4 Tricks for Raising the Stakes of Your Story
When writing a novel, conflict is the name of the game.
From driving your plot forward to creating moments of growth for your cast, your novel’s conflict will play a critical role in shaping your story. Even better, it’ll also encourage your readers to stick around, always wanting to know if your hero will survive their next challenge. However, conflict alone isn’t enough here—instead, you need a conflict with stakes.
These stakes create consequences for your novel, ensuring it’ll leave a lasting impact. The question is, how do you raise the stakes of your novel, even in the slower moments of your plot? Well, the key is to leverage a few simple storytelling tricks—so, from ticking time bombs to red herrings, let’s talk about four ways to raise the stakes of your story!
Why the Stakes of Your Story Matter
First up, we should define what “stakes” actually are.
Put simply, the stakes of your story are the consequences your protagonist will face if they fail to overcome your novel’s conflict. With the right stakes, readers will keep reading to see how your novel is resolved, because they know your hero has something to lose. Likewise, this also ensures your conflict has enough tension to remain interesting. Your protagonist has to earn their success, and if they fail, they’ll suffer because of it.
So, how do you create these meaningful stakes?
Well, it might seem like you need an endless barrage of derailed trains, massive explosions, and high-octane action, but really, the stakes of your story could be as simple as losing a pet or being passed over for a promotion.
This means that, to raise the stakes, you first need to identify what stakes work for your novel:
- What does your protagonist fear most?
- What does your protagonist want to achieve and why?
- What do they value above anything else—and thus would be crushed if they lost?
- How do these tie into your novel’s conflict, and how can you leverage them to create stakes?
In total, your novel will likely have one or two major stakes (such as remaining a beast forever, a la Beauty and the Beast) as well as a series of smaller stakes (such as being embarrassed in class or crashing during a test flight). Either way, once you have a solid idea of the various stakes of your story, you can start exploring ways to raise those stakes in exciting ways!
4 Ways to Raise the Stakes
Ticking Time Bombs:
First up, ticking time bombs are a classic way to raise the tension of a story by adding a hard deadline. Essentially, these ticking time bombs act as timers within your novel, counting down to a major event and the dire consequences that come with it—much like diffusing a bomb!
For example, your protagonist might have until dawn to alert their unit of an oncoming attack, knowing that if they fail their friends will be wiped out. In a similar vein, your hero might only have until midnight to leave the ball before their magical disguise disappears, or they may have to reach their escape pod before the oxygen in their ship runs out in just thirty minutes.
Of course, when writing a ticking time bomb, there are a few things to watch out for.
For starters, this timer needs to feel like a natural aspect of your story, not like something you added at the last minute. Additionally, you’ll also want to strike a balance—too long of a time limit and your story won’t have the tension it needs, since your characters can easily “diffuse” the bomb in time. However, if the timer is too short, you also might write yourself into a corner.
Ultimately, you want your characters to have just enough time to logically succeed, while still being short enough that your readers are left sweating—just a little!
Next, we have the red herring.
“A red herring is a piece of information that misleads or distracts the reader (and sometimes the character) from an important truth or leads them to mistakenly expect one outcome over another.” – Red Herrings: How to Mislead and Surprise Readers
If you’ve never heard this phrase before, it comes from the early 1800s, when an English journalist popularized a story about how he used smoked herring to throw hounds off his trail as a child. These days, the term red herring is used to describe clues you leave in a story to distract readers from the real answer—and as a result, it’s a popular tool in everything from thrillers to mysteries and action novels.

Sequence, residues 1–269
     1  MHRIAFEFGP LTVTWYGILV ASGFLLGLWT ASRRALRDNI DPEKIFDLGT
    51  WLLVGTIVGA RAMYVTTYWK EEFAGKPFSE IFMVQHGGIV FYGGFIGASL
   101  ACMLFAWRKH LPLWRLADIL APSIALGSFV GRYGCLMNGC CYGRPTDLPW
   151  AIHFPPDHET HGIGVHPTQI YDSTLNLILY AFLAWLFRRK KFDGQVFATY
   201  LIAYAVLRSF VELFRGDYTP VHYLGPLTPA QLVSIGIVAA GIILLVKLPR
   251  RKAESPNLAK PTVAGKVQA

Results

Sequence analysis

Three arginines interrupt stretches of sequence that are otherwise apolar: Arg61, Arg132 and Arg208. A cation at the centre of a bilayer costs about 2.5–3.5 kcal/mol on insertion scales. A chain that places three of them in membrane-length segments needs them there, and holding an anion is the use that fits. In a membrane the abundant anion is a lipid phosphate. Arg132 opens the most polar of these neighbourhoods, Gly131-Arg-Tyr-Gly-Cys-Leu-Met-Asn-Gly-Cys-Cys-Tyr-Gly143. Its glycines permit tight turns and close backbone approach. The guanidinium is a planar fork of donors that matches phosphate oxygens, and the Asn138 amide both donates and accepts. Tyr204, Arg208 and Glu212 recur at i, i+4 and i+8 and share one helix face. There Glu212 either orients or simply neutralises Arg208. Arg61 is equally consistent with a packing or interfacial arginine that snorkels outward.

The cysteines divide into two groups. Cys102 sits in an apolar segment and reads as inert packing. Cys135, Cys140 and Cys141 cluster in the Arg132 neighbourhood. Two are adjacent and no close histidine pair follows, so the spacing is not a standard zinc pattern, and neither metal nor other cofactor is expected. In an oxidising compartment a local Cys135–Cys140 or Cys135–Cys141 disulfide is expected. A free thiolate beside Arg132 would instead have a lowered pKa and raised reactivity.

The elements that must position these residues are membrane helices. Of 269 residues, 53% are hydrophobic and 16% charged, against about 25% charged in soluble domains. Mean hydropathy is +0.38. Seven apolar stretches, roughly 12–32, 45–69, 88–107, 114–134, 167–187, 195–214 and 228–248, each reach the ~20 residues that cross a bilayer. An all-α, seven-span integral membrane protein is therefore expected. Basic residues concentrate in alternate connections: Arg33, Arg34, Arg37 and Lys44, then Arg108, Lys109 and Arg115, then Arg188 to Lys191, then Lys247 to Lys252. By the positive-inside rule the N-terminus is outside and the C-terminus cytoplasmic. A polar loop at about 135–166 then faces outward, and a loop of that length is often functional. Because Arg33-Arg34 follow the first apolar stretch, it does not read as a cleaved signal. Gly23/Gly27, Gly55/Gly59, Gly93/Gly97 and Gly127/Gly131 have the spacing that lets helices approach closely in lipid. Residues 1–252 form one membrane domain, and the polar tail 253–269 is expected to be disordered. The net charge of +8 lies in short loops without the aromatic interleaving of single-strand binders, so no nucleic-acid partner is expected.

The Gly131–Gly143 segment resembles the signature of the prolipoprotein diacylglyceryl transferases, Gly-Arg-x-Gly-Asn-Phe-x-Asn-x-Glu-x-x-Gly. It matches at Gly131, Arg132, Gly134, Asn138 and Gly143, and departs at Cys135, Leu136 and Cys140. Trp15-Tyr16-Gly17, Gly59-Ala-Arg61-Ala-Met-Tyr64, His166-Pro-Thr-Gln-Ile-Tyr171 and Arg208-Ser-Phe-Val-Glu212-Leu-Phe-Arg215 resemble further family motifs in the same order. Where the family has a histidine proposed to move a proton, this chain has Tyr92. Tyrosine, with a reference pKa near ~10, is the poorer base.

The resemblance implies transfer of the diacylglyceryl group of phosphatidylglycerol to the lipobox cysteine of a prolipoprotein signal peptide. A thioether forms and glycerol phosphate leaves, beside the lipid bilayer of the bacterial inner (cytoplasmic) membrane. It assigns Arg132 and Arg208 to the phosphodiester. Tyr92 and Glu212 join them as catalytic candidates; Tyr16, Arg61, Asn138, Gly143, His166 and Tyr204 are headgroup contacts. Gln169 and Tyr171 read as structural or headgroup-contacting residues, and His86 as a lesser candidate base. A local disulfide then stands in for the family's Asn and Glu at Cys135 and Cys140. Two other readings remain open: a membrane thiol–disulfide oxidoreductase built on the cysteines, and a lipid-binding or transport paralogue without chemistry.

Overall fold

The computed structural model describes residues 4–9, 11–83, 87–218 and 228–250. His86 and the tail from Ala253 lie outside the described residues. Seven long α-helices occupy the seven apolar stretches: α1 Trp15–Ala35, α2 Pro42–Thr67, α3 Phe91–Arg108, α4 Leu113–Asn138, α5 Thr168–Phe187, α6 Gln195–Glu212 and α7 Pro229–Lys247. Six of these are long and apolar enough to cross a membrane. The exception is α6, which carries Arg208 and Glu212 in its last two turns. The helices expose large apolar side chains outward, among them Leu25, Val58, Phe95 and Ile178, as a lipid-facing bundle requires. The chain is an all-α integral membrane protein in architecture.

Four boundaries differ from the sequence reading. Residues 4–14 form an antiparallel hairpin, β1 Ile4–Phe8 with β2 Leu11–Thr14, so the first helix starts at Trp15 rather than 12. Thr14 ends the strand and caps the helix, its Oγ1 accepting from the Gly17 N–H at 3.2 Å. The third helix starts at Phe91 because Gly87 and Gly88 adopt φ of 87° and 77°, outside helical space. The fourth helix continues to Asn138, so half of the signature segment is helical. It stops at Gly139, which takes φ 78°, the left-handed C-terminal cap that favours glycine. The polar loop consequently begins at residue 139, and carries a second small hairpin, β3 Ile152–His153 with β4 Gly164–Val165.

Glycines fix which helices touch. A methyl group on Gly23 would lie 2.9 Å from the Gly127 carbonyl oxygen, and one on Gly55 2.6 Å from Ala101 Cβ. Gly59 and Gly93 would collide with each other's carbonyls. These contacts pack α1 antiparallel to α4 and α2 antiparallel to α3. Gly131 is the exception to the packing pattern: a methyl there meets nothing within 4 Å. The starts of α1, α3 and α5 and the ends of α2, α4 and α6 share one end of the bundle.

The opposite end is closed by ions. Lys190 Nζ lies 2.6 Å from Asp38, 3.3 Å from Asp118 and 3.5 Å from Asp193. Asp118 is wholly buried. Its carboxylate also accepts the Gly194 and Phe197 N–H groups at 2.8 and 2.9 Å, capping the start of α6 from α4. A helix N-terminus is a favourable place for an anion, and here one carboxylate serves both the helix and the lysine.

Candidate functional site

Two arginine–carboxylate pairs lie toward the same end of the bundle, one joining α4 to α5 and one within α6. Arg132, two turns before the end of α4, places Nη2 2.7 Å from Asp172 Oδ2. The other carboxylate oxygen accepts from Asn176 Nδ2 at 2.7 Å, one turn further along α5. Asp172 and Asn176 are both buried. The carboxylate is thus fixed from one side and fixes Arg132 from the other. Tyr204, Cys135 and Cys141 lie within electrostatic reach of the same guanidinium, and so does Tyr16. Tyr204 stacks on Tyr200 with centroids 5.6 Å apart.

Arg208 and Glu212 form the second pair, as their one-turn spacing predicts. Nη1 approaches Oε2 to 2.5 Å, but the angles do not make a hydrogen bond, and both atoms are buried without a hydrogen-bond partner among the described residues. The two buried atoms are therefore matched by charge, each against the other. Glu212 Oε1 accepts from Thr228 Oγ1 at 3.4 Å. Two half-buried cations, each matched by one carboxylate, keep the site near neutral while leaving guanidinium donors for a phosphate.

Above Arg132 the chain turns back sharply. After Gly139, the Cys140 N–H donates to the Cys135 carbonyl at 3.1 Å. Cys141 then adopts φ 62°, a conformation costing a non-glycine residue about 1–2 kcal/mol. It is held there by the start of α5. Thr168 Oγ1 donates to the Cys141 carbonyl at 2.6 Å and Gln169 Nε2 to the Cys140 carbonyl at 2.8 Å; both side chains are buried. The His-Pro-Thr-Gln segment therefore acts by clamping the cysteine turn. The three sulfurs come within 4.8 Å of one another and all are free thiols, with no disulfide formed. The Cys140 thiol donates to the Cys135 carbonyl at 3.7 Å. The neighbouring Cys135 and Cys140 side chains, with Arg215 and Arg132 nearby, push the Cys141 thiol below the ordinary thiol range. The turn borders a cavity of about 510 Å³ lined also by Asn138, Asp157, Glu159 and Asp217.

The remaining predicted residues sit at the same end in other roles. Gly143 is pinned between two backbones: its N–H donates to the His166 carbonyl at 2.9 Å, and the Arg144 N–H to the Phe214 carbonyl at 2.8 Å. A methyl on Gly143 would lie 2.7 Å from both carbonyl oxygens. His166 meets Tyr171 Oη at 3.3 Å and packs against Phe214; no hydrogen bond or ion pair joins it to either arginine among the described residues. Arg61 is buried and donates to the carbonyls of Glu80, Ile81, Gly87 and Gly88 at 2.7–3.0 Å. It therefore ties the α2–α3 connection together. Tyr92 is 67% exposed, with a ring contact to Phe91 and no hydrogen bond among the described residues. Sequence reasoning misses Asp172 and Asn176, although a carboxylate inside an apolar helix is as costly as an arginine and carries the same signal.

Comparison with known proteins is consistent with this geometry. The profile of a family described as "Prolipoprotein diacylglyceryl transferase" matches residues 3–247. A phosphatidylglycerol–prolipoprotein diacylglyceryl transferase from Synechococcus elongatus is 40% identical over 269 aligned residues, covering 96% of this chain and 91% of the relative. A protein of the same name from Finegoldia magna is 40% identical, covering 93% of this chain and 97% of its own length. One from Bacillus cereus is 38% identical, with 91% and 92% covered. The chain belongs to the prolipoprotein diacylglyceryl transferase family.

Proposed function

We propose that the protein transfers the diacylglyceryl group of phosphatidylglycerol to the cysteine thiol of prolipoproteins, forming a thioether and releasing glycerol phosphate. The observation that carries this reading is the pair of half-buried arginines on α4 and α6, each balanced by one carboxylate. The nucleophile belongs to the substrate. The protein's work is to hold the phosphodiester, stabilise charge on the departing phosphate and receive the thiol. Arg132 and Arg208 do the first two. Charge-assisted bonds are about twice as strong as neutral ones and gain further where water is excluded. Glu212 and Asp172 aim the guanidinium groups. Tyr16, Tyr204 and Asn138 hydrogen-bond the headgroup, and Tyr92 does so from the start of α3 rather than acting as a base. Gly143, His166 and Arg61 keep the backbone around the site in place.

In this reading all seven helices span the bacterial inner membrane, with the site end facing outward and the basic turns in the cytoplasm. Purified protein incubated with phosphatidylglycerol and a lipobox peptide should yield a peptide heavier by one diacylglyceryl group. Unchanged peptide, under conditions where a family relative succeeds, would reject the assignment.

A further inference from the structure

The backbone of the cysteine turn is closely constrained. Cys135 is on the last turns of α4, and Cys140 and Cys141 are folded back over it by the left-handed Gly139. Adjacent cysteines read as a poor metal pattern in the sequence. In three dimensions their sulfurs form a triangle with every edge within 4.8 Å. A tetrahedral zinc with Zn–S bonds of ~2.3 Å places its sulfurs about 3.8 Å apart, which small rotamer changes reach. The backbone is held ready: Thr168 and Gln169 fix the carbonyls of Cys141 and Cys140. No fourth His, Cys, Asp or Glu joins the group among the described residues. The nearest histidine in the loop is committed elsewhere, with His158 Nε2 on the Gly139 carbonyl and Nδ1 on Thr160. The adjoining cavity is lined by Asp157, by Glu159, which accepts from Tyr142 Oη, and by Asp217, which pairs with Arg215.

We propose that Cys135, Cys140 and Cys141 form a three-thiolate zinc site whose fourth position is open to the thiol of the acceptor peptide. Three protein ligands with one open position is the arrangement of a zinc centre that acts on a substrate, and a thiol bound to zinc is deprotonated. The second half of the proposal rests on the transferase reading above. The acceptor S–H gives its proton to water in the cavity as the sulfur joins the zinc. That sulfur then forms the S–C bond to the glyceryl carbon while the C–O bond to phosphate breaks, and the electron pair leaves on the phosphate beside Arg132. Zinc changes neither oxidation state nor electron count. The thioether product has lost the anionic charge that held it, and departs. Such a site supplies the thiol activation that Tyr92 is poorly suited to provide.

Red herrings are great, because they can be used to raise the stakes when characters think they’re on the right track, only to find their plans keep failing. They simply don’t have the right information.
Unfortunately, red herrings can also be tricky to pull off—even if the payoff is worth it.
You see, red herrings need to be placed strategically in order to present readers with a false solution, thus distracting them from the truth that’s hidden beneath their noses. Any red herrings in your novel have to be set up with care to ensure the big reveal still feels like a logical outcome of your story.
Likewise, you don’t want to leave out information just for the sake of creating a red herring. Instead, focus on ways to downplay the clues you don’t want readers to pay attention to, while simultaneously highlighting the ones you do. In the end, readers should be able to look back and piece together the clues they missed, rather than feeling like you lied to them!
Sometimes you want your readers to know something your characters don’t, and that is where dramatic irony comes into play.
At its core, dramatic irony is when you reveal information to your readers, while simultaneously leaving your characters in the dark. This means readers are left waiting for the next shoe to drop, practically shouting at your cast to realize what’s happening—thus creating a heightened sense of stakes for your story.
What’s more, this dramatic irony can be used in a ton of ways, such as by:
- Letting your characters make mistakes due to a lack of info
- Having them bare their heart to someone they wouldn’t otherwise
- Keeping readers on edge as they wait to see when your cast realizes the truth
- And having characters get to know each other before revealing their true identities
Of course, like with every other technique we’ve discussed, you need to be careful when creating dramatic irony in your novel.
For starters, sometimes you want to surprise readers right alone with your characters, in which case dramatic irony is best avoided. Likewise, you’ll need to focus on show don’t tell when creating dramatic irony—don’t simply say “Carol was Samantha’s secret crush from highschool, but they didn’t recognize each other.” Instead, you’ll need to clue perceptive readers into the truth, while still leaving room for them to discover it on their own.